Last week I spent a fantastic few days in Cappadocia, central Turkey. I’ve already written a couple of posts on what I did there – notably staying in a cave hotel, taking a flight in a hot air balloon, and eating a fair amount of Cappadocian food – but since it’s not an area of the world that a huge amount of people go and visit, I thought I would write a little bit more about it.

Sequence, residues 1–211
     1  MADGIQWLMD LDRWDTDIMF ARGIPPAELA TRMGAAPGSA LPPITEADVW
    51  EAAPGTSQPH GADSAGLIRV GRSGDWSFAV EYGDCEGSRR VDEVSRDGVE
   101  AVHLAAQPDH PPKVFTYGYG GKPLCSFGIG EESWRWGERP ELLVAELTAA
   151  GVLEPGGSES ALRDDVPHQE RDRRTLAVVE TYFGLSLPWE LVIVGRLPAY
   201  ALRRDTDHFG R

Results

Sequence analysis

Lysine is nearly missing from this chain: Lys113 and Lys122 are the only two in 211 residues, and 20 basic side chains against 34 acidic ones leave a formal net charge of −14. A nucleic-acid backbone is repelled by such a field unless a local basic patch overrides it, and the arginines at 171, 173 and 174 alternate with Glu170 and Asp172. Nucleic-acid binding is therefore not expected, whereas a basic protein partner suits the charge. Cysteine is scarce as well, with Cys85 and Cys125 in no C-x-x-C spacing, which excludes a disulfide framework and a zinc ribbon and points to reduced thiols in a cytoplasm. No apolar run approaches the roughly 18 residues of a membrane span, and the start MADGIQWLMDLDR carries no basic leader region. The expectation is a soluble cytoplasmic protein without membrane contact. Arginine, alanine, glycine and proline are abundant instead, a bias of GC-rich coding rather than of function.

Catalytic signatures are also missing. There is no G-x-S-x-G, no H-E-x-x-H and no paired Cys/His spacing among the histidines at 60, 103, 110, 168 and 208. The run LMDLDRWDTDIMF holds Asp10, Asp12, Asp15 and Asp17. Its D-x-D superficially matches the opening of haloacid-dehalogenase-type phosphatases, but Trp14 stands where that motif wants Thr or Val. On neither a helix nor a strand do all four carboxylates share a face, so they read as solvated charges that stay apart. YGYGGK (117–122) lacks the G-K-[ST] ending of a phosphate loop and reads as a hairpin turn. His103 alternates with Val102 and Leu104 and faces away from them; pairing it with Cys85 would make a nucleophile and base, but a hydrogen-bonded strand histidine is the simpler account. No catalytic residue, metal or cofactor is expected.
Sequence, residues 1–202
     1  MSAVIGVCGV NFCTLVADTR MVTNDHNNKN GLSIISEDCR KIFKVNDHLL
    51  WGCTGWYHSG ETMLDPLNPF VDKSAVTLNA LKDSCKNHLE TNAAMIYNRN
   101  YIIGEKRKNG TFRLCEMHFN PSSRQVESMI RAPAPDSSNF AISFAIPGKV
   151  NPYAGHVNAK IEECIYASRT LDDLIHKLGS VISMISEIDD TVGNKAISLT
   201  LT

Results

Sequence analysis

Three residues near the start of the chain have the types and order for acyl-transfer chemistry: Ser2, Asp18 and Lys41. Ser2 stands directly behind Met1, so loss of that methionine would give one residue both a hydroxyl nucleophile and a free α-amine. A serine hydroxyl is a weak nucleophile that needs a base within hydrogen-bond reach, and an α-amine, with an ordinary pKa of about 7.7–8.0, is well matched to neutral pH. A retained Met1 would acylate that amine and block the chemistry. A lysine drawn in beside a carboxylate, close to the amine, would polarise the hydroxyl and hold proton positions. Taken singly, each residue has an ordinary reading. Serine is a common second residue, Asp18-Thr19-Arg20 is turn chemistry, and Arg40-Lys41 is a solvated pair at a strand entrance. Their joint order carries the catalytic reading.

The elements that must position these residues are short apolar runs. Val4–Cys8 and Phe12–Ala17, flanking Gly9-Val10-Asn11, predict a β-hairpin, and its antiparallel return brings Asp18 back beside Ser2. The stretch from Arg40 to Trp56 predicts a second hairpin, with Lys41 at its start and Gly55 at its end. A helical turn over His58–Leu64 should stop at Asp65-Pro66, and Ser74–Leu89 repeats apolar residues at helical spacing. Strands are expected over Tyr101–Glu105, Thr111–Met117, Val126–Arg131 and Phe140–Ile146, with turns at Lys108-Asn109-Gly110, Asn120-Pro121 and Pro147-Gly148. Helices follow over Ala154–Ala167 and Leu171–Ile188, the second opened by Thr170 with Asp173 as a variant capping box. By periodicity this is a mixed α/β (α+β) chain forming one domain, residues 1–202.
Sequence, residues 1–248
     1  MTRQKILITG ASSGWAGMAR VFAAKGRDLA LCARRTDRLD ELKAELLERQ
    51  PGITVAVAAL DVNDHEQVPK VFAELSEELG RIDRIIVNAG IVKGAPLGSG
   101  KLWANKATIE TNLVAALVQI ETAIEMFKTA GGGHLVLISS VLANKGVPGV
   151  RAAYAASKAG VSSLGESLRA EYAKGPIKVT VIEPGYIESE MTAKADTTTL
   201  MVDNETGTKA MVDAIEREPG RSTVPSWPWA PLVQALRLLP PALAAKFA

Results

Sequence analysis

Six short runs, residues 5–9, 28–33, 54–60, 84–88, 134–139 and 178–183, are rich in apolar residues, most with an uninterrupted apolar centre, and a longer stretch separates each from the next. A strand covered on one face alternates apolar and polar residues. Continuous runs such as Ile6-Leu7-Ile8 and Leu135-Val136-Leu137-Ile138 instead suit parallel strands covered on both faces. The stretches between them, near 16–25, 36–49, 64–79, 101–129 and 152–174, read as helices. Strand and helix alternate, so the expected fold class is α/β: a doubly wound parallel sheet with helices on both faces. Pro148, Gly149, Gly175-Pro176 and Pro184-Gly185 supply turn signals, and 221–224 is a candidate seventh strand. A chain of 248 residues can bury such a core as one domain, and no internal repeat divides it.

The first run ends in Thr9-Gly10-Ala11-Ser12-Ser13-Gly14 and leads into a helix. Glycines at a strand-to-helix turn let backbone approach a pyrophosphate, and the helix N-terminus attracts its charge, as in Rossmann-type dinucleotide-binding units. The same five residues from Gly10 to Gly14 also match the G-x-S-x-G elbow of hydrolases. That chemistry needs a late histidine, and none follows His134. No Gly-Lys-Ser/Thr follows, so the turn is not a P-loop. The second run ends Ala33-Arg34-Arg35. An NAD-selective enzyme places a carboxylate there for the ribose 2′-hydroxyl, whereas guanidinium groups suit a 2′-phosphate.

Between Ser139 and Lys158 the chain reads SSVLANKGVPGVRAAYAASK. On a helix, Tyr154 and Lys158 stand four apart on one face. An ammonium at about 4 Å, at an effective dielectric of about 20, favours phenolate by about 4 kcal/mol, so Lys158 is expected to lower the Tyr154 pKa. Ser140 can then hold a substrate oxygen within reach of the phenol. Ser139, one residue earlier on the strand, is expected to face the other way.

The reason why most tourists come to Cappadocia is to ride on one of its magnificent hot air balloons over the stunning volcanic rock formations. We weren’t sure when we arrived whether we would choose to go in one as there are other ways to explore the surrounding countryside, and the hot air balloons are both expensive and potentially dangerous. However, on our first morning I set my alarm for 6am and dragged my tired self out of my cave room and out onto the hotel terrace to be greeted with the truly extraordinary sight of around one hundred balloons gently drifting through the valley, in silence. It was a majestic sight as the balloons floated along, occassionally peeping in and out of the rocks without a sound, and I made my mind up to get onto a balloon in some way, leaving aside all niggles about safety and cost.